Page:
One of my favourite Buddhist scholars, Peter Skilling, delivered a lecture recently at the University of Sydney - I couldn't make it as I was in Thailand, but it is now available for download in video and audio formats.http://www.usyd.edu.au/sydney_ideas/lec ... asia.shtml
Why you should listen
The Buddha was born in a small kingdom in the foothills of the Himalayas over two thousand years ago. Within five hundred years of his death, his teachings had spread far beyond the confines of India, and were beginning to find a foothold in China and the Far East. At its height Buddhism flourished across much of Asia. Buddhist monks and nuns established networks of intellectual exchange that for centuries linked Asian societies, inspiring literature and philosophy, art and architecture, and social and ritual practice and affecting conceptions of time, cosmology, and governance.
How did the teaching of one man influence Asia so profoundly? What was the role of Buddhism in the geography of ideas in the pre-modern period? What were the unifying principles or ideologies that brought distant cultures into close relation? The fascinating diversity of Buddhism and its dynamic cultural transformations lead us to examine the role played by Buddhism in the construction and imagination of an interactive trans-regionalism. Was Buddhism in Asia the vanguard of globalisation?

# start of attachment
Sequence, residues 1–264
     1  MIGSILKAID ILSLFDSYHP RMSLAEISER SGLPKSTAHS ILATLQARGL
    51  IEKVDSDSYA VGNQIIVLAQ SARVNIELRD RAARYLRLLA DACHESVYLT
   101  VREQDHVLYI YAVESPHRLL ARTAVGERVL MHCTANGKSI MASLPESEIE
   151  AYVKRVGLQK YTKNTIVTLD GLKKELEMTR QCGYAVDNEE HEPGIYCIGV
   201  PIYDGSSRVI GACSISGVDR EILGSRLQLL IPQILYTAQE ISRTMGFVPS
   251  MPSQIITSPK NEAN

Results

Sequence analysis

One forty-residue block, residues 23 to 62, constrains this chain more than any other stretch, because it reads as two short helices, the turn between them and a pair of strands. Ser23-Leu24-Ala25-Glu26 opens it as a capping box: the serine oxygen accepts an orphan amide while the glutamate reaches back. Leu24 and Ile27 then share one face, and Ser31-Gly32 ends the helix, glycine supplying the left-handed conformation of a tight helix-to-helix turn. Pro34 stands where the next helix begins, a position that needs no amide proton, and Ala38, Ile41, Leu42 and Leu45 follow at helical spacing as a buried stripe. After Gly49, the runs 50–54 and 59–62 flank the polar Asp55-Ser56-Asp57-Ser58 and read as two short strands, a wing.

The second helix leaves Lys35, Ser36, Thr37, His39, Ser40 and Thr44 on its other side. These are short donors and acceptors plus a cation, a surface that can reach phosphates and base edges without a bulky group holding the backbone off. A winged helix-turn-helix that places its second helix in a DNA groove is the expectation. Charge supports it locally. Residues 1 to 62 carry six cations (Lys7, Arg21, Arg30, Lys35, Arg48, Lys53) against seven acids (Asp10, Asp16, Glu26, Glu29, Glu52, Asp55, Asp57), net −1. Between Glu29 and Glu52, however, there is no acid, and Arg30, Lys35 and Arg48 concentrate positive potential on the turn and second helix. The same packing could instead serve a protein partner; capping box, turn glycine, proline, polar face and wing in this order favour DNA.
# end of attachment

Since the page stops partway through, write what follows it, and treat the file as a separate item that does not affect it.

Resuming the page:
Peter Skilling is a Canadian citizen (born 1949). He has been a resident of Thailand for 30 years. He received a PhD with honours and a Habilitation in Paris (Ecole Pratique des Hautes Etudes). His main field of research is the archaeology, history, and literature of Buddhism in South and Southeast Asia. Other interests include the early history of Mahayana Buddhism, the Pali literature of Southeast Asia, and the history of the Buddhist order of nuns. He has travelled extensively in South and Southeast Asia, and been a visiting professor at Harvard University (2000), Oxford University (2002), and the University of California at Berkeley (2005). At present he is Maître de Conférences with the École française d’Extrême-Orient (EFEO) and Head of the Buddhist Studies Group of the EFEO. He is also a special lecturer at Chulalongkorn University (Bangkok).